Max Edwards has left Mulcahy Associates to form his own agency, Apple Tree Literary, focusing on non-fiction and genre fiction.
Edwards worked previously as assistant at United Agents and Rogers, Coleridge and White alongside agent Natasha Fairweather, before joining Mulcahy Associates at the end of 2017 as an agent.
Now he has established Apple Tree Literary, having built his author list from scratch over the past year, and is working remotely, in partial association with Toby Mundy Associates, across non-fiction and fiction.
"Having worked in literary agencies both big and small, I thought I’d take the plunge and go it alone," Edwards told The Bookseller. "I have had great bosses and mentors over the last few years, who have taught me a great deal and I wanted to put these into practice with my clients, in my own way.”
He added: "Our focus is on intelligent non-fiction by journalists and academics, with a focus on great stories that can come out of people’s expertise and experience as well as genre fiction - in particular science fiction, fantasy, novels that mix genres and YA.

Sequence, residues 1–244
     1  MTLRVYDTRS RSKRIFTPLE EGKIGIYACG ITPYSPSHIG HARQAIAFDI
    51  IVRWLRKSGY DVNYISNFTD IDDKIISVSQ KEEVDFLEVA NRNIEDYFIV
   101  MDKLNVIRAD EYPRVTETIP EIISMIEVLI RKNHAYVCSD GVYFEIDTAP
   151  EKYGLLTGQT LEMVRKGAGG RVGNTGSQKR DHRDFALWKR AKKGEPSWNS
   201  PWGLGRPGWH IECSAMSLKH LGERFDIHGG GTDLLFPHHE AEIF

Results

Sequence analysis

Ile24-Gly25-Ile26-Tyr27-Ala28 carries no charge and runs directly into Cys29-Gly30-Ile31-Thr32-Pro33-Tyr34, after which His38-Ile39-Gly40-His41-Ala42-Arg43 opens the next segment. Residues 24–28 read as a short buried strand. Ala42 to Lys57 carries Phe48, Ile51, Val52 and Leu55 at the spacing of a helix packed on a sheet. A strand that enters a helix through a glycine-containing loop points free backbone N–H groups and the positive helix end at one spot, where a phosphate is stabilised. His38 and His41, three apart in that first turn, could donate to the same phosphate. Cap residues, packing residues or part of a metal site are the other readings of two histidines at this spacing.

"I think all good books have story at their heart, no matter the genre or if they are based in real-life, and I think my list reflects that, and hope to further expand my list along those lines.”
Edwards is keen to explore the boom in “brainy” non-fiction. "The publishing landscape is moving, with renewed interest in smart, accessible non fiction and cross-genre fiction, and I hope for my list to reflect that," he said.
Edwards currently represents around 12 authors in total including Sunday Times' Middle East correspondent Louise Callaghan, whose debut Father of Lions recently sparked a four-publisher bidding war in the US, culminating in a six-figure deal. He also represents the Guardian's video games editor Keza MacDonald, authors across genre fiction such as SF writer Aliya Whiteley and historical fiction author J M Alvey, as well as handling the UK rights for Norwegian literary agency Immaterial Agents.
The former Blackwell's bookseller hopes to expand later down the line. "While the immediate plan is simply to best serve my brilliant authors, if it went well I’d love to expand in future," he told The Bookseller.
"While I’m a young agent, I can bring fresh and exciting new voices to the publishing table."